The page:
Trader Joes's All Purpose Flour - 13.33% protein

Started by jsaras, February 23, 2014, 04:29:54 PM

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jsaras

I was at my local TJ today and I needed some AP flour to feed my sourdough culture.  When I looked at the nutritional information I was surprised to see how high the protein content was.  Assuming that it's correct it should make some fine pizza.
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mitchjg

It does look high.  But, it may not be 13.33%.  The nutritional information rounds off the nearest gram - hence 4 grams out of 30 = 13.33%.  But, the "4" could come from anything from 3.51 to 4.50.  So, the actual protein % is somewhere in between 11.7% and 15.0%.  And, as you said, that is assuming they are correct.

If they are, it is definitely high for AP flour.  King Arthur is known for being pretty high and their AP is at 11.7%.

- Mitch
Mitch

"We hate math," says 4 in 10 – a majority of Americans

Pete-zza

Jonas,

Mitch stole my entire post, which I had to reconstruct midstream when I saw his post, but I am proud of him nonetheless for his prowess on this matter . I couldn't have said it better except to cite the FDA Code of Federal Regulations at http://www.accessdata.fda.gov/scripts/cdrh/cfdocs/cfcfr/cfrsearch.cfm?fr=101.9 that says that the protein nutrient should be rounded to the nearest gram. Also, in addition to the King Arthur all-purpose flour, the Ceresota/Heckers all-purpose flour has a protein content of 11.5-12%. If the actual protein value of the Trader Vic's all-purpose flour is 11.7% or above, that would be a good value for an all-purpose flour.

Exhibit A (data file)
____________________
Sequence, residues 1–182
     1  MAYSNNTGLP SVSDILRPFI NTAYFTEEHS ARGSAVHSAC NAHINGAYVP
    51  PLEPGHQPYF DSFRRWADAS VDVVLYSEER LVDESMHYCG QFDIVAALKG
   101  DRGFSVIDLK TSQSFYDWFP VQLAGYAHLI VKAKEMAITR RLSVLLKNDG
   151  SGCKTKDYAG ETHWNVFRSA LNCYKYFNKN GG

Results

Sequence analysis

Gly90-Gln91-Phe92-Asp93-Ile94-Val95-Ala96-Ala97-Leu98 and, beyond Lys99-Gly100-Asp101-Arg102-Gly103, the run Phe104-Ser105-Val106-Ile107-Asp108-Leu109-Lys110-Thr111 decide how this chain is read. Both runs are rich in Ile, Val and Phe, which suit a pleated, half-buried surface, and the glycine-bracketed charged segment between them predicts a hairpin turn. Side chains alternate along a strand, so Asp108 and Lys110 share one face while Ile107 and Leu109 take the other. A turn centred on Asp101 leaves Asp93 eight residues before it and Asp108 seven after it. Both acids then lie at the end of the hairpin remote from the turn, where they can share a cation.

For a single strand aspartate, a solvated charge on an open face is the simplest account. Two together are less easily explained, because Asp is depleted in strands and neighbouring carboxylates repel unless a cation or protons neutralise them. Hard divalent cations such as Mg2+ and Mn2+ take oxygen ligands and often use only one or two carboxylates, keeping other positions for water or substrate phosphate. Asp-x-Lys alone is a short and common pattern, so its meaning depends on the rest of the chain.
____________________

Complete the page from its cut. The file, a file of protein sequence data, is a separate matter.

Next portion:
Peter

dmckean44

How much does this flour cost?

jsaras

I think it was \$3 for a 5-lb bag
Things have never been more like today than they are right now.

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mitchjg

I decided to write to Trader Joe's and ask them about the protein content.  In fact, the protein content is at the bottom of the range, not the middle.

The content is 11.8%.

This shows the "danger" of using the very rounded off numbers on packaging to determine protein content.

The Trader Joe's people were kind enough to send very complete specs, including fancy stuff like falling numbers.  Here you go folks.

- Mitch
Mitch

"We hate math," says 4 in 10 – a majority of Americans

Pete-zza

Mitch,

Thank you going to all the trouble to get more specific information on the TJ flour.

Unless my eyes deceive me, at the top of the detailed specs, I believe that the protein is given as 12.8 +/- 0.20%. But in the specs for 100 grams of the flour, which I believe is an actual measured number, it looks like the protein is recited as 11 grams. That would translate to a protein content of 11%. I see this practice a lot at the General Mills flour website. As a result, in my analytical work I usually rely on the protein content per 100-gram sample. For citation purposes, I usually give the protein content as generally specified by the miller (12.8 +/- 0.20% in the TJ case).

Peter